Meanwhile, I’ll take a stab at some reader questions before I hop back on the Xbox 360 and stop listening to all this Jay-Z (went to the concert in Oakland and his collection is still in heavy rotation on the Ipod).

Question: I just read that Edgerton Hartwell from the Baltimore Ravens, is going to the Raiders. I don't know anything about him and was wondering if you did. Can you find out some stuff in regards to his injury, and if he really is as good as they say, he could be. I really only trust your insight. (Seriously)

Martin, Elk Grove

Answer: Hartwell appeared on the verge of being a star when he played with Ray Lewis (key, playing with Ray Lewis) after being a fourth-round pick of the Baltimore Ravens. He left as a free agent for Atlanta in 2005 (for a six-year, $26.5 million deal) and played in just 13 games over two seasons and was cut.

Achilles and knee injuries dogged his time in Atlanta.

He was cut at the end of training camp with Cincinnati last year.

Perhaps the year off has helped Hartwell. That he didn’t catch on with the Bengals, who needed all kinds of help on defense and were coached by his former coordinator in Baltimore, Marvin Lewis, makes me wonder what was wrong with him last year.

He was a tackling machine with the Ravens. His best chance to get on the field would be at strongside linebacker where Robert Thomas is the starter. Kirk Morrison and Thomas Howard have the middle and weakside locked up.

Question: Does anyone else believe that Al Davis has made a serious mistake in not drafting Glenn Dorsey? If he had, Tommy Kelly would have moved to DE, where his athleticism and pass-rush skills are more valuable, as well as adding much-needed depth there. In addition, Dorsey would have bulked up the DT spot which is the team's major weakness. Drafting Dorsey would have improved TWO positions on the line. Then, the only piece missing to a solid all around defense would be a run-plugging middle linebacker. THE RUN GAME DOES NOT NEED MCFADDEN. Oh well, maybe next year!!!!!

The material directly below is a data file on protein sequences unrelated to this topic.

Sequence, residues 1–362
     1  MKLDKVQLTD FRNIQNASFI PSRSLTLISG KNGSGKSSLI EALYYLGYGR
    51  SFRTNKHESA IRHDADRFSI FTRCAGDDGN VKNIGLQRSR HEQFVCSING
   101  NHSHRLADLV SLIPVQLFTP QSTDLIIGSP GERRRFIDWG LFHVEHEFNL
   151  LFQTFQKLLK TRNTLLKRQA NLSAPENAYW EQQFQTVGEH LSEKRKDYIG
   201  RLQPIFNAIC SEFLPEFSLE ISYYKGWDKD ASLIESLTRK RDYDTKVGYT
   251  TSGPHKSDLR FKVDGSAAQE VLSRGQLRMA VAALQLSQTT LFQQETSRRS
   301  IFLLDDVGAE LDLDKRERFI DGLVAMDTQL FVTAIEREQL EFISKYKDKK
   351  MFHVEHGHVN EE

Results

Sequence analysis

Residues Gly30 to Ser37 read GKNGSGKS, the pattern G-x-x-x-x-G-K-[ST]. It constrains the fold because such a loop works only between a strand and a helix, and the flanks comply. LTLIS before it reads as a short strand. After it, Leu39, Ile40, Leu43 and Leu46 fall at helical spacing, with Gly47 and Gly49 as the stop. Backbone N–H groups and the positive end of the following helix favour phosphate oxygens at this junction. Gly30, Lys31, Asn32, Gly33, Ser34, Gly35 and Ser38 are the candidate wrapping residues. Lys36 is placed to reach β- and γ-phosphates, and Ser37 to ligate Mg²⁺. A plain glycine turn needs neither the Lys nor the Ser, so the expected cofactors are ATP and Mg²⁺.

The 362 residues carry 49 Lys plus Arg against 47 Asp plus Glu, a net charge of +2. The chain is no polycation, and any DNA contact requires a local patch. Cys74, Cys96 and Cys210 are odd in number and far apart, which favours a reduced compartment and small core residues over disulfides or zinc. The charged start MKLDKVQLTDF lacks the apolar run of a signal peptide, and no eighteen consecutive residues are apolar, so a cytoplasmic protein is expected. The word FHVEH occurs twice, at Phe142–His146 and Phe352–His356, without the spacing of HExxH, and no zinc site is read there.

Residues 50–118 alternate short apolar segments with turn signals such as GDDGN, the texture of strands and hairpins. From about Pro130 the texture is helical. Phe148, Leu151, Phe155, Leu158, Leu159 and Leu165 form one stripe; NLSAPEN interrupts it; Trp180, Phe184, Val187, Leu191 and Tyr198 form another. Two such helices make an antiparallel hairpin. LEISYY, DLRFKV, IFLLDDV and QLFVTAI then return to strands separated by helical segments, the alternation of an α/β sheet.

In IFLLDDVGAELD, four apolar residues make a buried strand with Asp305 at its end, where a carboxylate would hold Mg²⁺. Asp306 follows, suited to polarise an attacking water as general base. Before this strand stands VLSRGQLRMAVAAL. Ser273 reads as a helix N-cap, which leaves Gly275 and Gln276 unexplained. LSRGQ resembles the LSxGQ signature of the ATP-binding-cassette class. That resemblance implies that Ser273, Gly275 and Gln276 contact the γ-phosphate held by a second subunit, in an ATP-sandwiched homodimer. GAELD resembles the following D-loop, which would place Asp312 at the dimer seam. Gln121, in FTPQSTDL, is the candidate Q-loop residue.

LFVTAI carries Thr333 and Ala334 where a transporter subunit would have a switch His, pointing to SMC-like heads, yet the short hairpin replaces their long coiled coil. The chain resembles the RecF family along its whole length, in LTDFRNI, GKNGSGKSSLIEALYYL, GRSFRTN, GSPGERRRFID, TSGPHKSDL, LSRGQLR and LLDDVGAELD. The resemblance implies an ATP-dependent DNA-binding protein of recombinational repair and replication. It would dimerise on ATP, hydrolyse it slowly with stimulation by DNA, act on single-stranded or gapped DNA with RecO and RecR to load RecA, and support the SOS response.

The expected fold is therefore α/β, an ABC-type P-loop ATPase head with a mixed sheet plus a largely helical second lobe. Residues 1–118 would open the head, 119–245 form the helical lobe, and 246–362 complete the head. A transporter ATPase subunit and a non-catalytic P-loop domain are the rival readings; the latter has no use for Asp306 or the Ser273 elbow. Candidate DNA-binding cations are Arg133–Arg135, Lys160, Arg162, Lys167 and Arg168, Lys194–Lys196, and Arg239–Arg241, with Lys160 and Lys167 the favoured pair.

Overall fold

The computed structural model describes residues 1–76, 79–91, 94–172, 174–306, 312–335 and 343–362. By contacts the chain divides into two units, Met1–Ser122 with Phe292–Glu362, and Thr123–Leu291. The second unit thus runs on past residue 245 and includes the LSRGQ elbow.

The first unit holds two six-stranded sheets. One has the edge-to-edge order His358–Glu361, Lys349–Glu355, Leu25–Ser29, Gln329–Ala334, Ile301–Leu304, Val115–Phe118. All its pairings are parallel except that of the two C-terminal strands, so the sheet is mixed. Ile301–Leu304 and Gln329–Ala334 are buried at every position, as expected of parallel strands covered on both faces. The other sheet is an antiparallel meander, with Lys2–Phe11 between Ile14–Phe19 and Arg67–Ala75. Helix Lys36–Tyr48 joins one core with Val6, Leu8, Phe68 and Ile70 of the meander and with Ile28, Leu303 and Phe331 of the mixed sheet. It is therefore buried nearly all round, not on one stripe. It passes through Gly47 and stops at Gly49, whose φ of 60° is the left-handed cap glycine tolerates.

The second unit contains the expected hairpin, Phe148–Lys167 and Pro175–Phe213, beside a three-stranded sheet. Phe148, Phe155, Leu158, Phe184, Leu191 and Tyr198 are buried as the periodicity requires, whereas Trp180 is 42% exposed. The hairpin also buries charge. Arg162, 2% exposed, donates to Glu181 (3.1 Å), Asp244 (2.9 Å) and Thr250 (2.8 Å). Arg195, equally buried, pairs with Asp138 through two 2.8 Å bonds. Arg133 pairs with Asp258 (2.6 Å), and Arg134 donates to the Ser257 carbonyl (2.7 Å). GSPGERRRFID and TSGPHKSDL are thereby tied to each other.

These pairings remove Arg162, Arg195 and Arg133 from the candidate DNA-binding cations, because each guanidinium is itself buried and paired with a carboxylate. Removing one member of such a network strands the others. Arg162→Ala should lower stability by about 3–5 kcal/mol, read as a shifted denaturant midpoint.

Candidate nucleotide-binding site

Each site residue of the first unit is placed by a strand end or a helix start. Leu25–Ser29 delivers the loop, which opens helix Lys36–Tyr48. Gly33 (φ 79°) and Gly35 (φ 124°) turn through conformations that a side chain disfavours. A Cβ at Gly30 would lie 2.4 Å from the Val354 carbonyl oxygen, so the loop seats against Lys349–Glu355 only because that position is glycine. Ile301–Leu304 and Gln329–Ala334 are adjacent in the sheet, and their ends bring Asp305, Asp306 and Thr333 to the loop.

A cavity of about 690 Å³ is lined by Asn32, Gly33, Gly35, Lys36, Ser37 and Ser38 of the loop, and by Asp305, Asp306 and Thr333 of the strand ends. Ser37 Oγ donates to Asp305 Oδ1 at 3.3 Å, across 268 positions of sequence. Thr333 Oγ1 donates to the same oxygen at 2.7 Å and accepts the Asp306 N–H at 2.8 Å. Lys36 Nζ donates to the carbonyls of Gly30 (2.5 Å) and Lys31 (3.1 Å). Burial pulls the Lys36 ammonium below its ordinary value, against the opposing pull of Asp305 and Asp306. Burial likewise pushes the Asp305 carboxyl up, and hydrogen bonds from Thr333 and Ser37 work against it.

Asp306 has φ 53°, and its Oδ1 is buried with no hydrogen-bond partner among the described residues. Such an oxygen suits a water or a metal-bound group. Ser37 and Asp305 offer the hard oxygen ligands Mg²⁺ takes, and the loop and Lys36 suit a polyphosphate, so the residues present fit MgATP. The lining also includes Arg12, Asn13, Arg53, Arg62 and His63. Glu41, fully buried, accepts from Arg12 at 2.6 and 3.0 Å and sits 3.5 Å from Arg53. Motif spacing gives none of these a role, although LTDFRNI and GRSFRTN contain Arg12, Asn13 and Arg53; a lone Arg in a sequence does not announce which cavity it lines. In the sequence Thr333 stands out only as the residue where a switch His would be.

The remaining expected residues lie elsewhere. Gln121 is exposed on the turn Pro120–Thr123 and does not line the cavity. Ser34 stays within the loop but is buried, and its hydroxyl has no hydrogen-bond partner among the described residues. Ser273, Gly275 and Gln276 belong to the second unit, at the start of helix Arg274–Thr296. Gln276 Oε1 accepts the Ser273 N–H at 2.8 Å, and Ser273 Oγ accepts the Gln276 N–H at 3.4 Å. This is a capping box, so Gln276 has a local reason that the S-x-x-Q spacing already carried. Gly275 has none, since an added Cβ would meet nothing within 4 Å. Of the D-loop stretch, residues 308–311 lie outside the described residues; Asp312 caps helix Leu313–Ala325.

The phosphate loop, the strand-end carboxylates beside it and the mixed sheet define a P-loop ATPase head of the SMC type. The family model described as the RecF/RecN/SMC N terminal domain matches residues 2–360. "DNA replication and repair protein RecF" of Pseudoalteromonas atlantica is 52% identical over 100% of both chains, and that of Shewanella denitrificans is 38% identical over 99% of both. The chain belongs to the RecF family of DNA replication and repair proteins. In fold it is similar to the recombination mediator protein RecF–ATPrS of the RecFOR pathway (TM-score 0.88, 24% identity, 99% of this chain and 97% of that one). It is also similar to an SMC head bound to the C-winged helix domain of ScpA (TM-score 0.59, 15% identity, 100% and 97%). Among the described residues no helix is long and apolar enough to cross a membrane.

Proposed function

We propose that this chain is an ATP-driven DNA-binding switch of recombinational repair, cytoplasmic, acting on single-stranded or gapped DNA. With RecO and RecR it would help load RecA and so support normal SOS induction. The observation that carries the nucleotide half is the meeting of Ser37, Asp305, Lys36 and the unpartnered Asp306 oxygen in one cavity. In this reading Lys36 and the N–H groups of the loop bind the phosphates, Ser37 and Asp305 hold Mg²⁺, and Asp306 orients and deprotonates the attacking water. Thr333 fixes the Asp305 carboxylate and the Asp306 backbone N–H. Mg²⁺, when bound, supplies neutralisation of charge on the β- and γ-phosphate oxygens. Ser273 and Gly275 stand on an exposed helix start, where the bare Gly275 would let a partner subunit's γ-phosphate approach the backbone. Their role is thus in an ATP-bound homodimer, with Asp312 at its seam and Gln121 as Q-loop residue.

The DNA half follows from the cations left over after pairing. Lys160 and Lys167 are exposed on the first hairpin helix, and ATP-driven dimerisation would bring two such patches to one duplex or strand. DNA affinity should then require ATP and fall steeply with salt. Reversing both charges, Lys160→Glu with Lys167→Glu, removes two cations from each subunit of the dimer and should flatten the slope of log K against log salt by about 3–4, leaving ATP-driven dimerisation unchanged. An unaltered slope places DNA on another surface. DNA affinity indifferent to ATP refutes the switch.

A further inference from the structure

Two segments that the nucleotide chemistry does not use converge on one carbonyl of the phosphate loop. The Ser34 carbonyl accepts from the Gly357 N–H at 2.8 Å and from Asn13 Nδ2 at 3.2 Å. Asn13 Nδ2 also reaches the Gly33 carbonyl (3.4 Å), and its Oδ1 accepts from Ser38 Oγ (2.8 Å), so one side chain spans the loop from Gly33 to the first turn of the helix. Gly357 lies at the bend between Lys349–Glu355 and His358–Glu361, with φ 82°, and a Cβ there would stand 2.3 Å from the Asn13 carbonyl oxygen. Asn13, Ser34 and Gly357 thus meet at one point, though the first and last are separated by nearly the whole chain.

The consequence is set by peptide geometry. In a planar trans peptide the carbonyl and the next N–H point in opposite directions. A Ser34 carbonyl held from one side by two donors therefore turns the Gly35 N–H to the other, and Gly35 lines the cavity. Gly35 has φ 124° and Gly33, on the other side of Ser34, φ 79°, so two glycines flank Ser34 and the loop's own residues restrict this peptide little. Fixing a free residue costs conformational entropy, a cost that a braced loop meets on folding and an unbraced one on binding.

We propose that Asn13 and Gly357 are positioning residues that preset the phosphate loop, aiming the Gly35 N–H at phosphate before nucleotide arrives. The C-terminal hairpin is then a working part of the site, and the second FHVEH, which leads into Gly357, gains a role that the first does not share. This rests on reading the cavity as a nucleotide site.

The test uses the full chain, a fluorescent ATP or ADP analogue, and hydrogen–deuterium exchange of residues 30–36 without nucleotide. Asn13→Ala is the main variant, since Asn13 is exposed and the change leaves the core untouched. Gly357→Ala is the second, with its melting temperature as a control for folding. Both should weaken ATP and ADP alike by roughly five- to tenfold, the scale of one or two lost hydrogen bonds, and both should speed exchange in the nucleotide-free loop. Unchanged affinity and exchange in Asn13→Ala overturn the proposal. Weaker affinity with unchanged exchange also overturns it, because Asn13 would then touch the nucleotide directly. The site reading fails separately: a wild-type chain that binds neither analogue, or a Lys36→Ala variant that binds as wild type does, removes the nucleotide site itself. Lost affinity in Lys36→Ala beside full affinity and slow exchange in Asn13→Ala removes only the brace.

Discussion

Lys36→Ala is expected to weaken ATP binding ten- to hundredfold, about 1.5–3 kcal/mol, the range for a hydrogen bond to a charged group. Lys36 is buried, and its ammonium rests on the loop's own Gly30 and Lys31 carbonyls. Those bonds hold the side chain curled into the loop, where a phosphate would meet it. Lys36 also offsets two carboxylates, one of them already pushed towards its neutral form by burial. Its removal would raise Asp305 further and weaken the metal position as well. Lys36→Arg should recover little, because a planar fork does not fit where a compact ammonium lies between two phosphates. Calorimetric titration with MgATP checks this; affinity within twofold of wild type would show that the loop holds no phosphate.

Dave, Lake Country BC

Answer: I try not to determine if a team made a “serious” mistake in the draft too soon. Mario Williams was a “mistake” in 2006, but now the Houston Texans don’t looks so crazy for passing on Reggie Bush.

When it comes to Kelly, I’ll say this. The Raiders need to give him a position and leave him there. I thought Kelly was playing well last year before his injury, but I don’t know if he was an elite pass rusher at defensive end. He should be that at defensive tackle.

Also, if you’re going to pay Kelly more than $50 million to be a defensive tackle, and Terdell Sands up to $17 million to be a run stuffer, you shouldn’t need to draft Dorsey.

If Sands is in shape and plays with the proper technique, the Raiders should be fine in the middle.

And I don’t think the Raiders need another middle linebacker. I think if Kelly, Terdell Sands and Gerard Warren do their jobs and don’t allow linemen free shots at the linebackers, opposing running backs wouldn’t run untouched until they see a safety.

Also, if McFadden does what I think he can, I’m sure you won’t be too upset with him. But as they say, if “if” were a fifth…you know the rest.

Question: Is Warren Sapp thinking of going one more year with Raiders? He hasn’t turned in his retirement papers. How is GTA 4

Adam, Brockport, Pa.

Question: There’s no way I see the Sapp in a Raider uniform again. He just doesn’t sound like someone that wants to put up with the grind that is the NFL for another year, especially for a team that could be a couple of years away from serious playoff contention. Sapp is on the Raiders’ reserved/retired list so he could only play for the Raiders should he decide he wants to make a comeback. And from what I understand, players often don’t turn in their paperwork immediately, though I thought Sapp had.